This is a response to an absolutely fascinating post by a guy named Peter Rollins. You can and should read his original post here:
It really got me thinking about some of the foundational aspects of grace and love, so I wanted to post my response on my own blog as a matter of record.
I really enjoyed this. I heard a radio DJ in Vancouver BC read the jacket notes after playing Berlioz's Symphonie Fantastique, talking about his Idee Fixe - that it was about a love so great that it pined eternally and forgave everything. I can't stand Berlioz, but I walked on clouds for days thinking that this is the kind of love God has loved me with. It is ironic that for most of us, the great love of God seems to be a vapor compared to romantic love, whereas romantic love is actually only a shadow or icon of the love of God for us. It is also another reason why in Christ we leave the universe of requirement and enter the universe of grace. Under law we maintain relationship by maintaining the necessary attributes to prevent rejection. Grace goes beyond accepting relationship based on adherence to certain traits, and enters into love based on pure identity. We become His sacred x, his pearl of great price for which He sells all else.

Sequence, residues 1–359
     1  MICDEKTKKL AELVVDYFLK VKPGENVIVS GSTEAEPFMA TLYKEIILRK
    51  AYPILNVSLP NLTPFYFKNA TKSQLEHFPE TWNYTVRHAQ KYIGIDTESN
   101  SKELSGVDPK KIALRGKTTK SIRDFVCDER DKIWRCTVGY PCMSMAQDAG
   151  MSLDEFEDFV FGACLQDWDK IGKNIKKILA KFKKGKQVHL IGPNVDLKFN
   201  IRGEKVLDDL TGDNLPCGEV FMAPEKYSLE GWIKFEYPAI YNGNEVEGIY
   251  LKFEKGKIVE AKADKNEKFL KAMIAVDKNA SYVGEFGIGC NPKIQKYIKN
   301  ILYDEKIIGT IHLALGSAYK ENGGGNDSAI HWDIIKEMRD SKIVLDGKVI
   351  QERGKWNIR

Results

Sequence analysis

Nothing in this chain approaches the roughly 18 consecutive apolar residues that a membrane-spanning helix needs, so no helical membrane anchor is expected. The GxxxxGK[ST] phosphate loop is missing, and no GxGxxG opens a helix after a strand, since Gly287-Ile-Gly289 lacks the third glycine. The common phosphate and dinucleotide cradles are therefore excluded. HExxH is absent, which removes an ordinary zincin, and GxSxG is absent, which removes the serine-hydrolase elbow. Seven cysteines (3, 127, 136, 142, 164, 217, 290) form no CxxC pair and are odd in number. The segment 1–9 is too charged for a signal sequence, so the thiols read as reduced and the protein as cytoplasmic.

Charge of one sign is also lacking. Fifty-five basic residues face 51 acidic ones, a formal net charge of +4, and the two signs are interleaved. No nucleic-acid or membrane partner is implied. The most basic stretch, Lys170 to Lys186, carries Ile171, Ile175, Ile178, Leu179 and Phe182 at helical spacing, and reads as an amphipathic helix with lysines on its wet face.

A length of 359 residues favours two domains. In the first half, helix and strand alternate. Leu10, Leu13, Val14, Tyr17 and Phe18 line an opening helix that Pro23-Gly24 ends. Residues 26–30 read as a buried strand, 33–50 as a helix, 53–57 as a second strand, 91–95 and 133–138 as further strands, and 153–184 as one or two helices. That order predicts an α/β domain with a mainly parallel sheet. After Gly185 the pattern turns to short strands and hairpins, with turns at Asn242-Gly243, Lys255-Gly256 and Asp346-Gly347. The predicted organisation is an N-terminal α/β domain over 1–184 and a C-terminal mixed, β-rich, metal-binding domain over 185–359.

As to the criticism that it seems specious to define love as only that which loves always without defining attributes, this is actually the strongest idea in the piece. If love depends on attributes, it is not love but earned credit. If it does not need attributes but is based entirely on identity, then since nothing can be earned, nothing can be lost, and it becomes eternal. This is why, when Paul lists his huge list of unpardonable offenses in 1Cor 6 (aberrant sexualities and slander and greed and such), he follows immediately with "All things are lawful, but not all things are profitable." The relationship which is defined by admiration of attributes is subject to a perfection of behaviors, but the relationship which is defined by grace is defined by pure love based on direct identity.
Thanks again, loved the ideas in this one.